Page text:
What is a sale deed in Real Estate ?
A vital document that helps to register a home successfully is the sale deed. Also known as a conveyance deed, it is a legal document used in property transactions as evidence for the sale and transfer of property ownership in favour of the buyer from the seller. The sale deed is signed after the buyer and seller have agreed to the terms and conditions. To know more about this document, read on.
A sale deed, also known as the final deed or conveyance deed, is an instrument in writing which legally transfers the ownership rights of an immovable property from one person to another in exchange of a price paid/consideration. It is made for the sale or purchase of land or any construction made on it. The person who transfers the property is known as the transferor or the seller while the person in whose name the property is transferred is called the transferee or the buyer.
The document lays down the details of the parties, the final deal price of the property, the accepted mode of payment and the time for handing over the possession of the property along with the original documents. It also acts as proof that the buyer is the outright owner of the said property.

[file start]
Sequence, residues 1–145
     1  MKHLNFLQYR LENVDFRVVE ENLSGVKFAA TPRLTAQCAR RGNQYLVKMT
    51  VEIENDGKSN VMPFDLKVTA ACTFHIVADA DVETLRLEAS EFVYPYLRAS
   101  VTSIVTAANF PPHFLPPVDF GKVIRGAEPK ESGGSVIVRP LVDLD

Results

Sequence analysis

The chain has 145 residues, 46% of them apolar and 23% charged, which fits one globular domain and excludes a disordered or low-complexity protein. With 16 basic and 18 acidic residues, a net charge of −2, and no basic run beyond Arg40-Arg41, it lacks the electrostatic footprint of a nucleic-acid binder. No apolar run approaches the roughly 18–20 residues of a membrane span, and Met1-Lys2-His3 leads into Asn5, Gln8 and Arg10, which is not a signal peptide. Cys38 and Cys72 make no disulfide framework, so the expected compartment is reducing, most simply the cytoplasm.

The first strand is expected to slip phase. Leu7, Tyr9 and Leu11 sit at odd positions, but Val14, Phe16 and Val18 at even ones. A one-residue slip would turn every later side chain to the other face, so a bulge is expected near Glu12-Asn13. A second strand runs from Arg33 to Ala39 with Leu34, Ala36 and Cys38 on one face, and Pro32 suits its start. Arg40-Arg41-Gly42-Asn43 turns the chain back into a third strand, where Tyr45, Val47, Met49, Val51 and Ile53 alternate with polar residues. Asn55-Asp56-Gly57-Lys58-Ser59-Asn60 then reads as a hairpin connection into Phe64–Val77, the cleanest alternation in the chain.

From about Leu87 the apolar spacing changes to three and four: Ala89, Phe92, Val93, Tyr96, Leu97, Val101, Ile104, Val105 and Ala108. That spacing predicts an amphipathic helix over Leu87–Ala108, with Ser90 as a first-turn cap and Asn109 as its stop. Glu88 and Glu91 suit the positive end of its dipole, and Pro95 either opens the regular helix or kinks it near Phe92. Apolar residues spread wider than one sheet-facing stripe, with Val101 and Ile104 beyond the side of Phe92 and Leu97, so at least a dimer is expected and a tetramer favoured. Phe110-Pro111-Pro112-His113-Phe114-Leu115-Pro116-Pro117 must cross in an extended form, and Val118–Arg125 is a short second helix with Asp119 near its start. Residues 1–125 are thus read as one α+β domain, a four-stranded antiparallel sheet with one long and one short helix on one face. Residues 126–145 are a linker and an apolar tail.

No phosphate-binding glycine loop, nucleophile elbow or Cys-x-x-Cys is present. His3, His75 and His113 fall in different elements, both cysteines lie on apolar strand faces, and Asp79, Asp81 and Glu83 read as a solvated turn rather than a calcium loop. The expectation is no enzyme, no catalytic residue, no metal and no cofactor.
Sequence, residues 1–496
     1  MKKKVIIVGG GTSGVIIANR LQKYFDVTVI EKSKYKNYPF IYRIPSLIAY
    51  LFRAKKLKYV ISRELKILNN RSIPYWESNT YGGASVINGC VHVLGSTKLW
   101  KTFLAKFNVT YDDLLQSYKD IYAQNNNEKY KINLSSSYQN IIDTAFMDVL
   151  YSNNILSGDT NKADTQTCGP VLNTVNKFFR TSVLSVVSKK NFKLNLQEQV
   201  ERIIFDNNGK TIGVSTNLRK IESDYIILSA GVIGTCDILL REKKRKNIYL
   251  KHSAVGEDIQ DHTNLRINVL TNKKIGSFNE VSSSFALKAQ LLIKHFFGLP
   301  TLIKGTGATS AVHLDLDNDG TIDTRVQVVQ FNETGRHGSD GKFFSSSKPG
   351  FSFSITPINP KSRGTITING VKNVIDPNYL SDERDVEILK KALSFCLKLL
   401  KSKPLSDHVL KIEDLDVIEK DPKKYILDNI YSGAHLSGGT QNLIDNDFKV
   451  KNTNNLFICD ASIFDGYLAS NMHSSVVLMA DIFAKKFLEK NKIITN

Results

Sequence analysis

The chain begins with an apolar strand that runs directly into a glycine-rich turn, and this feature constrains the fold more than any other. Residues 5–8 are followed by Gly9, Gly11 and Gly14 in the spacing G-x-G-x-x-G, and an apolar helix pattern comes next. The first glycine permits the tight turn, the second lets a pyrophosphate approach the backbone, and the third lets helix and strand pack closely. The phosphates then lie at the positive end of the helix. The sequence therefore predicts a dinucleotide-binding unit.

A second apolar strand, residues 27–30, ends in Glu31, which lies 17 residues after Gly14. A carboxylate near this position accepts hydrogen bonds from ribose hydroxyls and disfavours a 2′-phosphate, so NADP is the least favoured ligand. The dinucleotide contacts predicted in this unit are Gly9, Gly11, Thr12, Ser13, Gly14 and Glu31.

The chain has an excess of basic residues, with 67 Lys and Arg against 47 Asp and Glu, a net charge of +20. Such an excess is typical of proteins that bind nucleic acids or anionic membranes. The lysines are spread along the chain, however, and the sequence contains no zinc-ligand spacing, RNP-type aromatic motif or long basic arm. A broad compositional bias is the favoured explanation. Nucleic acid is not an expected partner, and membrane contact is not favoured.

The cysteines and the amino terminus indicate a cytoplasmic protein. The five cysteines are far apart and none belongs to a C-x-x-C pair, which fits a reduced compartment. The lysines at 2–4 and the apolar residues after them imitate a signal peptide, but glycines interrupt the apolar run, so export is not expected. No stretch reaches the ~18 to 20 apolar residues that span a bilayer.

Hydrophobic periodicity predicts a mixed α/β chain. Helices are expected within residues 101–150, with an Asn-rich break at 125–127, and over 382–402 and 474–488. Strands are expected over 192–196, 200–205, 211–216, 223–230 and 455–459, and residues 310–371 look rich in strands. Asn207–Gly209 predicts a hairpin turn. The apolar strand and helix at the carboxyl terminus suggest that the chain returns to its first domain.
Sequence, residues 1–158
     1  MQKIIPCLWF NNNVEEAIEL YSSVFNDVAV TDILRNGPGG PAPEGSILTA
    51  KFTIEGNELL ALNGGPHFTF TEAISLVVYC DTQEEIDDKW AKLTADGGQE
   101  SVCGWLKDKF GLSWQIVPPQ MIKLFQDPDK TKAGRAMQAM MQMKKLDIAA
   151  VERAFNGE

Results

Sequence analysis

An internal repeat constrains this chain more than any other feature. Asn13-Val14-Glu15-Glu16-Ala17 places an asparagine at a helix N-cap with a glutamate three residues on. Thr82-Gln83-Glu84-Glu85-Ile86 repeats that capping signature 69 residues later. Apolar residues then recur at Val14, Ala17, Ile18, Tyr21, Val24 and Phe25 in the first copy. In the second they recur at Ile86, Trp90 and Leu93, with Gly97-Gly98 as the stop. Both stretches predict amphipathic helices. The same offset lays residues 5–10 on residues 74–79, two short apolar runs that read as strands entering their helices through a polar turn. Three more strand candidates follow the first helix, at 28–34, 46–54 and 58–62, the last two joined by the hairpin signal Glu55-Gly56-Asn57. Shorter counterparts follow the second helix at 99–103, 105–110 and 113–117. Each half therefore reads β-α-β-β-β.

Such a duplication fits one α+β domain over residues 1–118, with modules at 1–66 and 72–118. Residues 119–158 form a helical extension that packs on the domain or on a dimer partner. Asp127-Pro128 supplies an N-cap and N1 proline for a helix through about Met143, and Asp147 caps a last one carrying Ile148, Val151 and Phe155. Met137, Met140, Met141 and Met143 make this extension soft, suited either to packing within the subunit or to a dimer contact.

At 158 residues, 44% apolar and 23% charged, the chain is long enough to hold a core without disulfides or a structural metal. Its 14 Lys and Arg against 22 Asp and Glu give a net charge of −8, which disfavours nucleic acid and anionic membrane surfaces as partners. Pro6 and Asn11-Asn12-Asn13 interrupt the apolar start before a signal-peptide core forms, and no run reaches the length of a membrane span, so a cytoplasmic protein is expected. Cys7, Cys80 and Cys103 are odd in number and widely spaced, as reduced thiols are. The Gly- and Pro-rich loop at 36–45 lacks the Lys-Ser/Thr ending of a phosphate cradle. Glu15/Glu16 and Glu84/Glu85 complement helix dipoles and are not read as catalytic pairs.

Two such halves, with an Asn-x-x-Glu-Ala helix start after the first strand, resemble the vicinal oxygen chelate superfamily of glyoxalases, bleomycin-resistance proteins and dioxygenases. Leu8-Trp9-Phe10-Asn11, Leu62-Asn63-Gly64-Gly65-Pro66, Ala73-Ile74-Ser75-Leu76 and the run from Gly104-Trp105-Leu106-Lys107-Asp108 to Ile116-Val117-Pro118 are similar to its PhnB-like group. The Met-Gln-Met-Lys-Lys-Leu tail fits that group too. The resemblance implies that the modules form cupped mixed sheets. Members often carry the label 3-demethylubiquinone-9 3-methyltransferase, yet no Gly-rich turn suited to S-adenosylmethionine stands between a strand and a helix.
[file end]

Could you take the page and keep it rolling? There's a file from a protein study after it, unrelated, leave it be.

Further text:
How is a sale deed different from a sale agreement?
A sale agreement of immovable property is different from the sale deed for the same property. In simple words, the sale agreement of a property is a contract stating that a sale of such property shall happen on the terms as agreed upon by the parties. It specifies the terms and conditions, under which the property (to be sold) will be transferred.
So, a sale agreement basically, contains a promise to transfer a property in future, after compliance with specific terms and conditions. It does not develop or establish any rights or interest in the property for the prospective buyer.
Things to keep in mind before executing a sale deed
Before the execution of the sale deed, the buyer should ascertain that the title of the property is free of all encumbrances. Verification of the encumbrance status from the registrar’s office is a must for the buyer purchasing the property. After ensuring that the property is free from encumbrances, the purchaser should also corroborate that all the statutory payments such as water/electricity bill, cess, property tax and maintenance charges have been cleared and no further dues or permission is pending for the transfer of property through a sale deed.
Buyers of a property must take note that the sale deed is one of the most important documents which establishes the proof of ownership post the purchase is made. Hence, one must make it a point to acquire this document.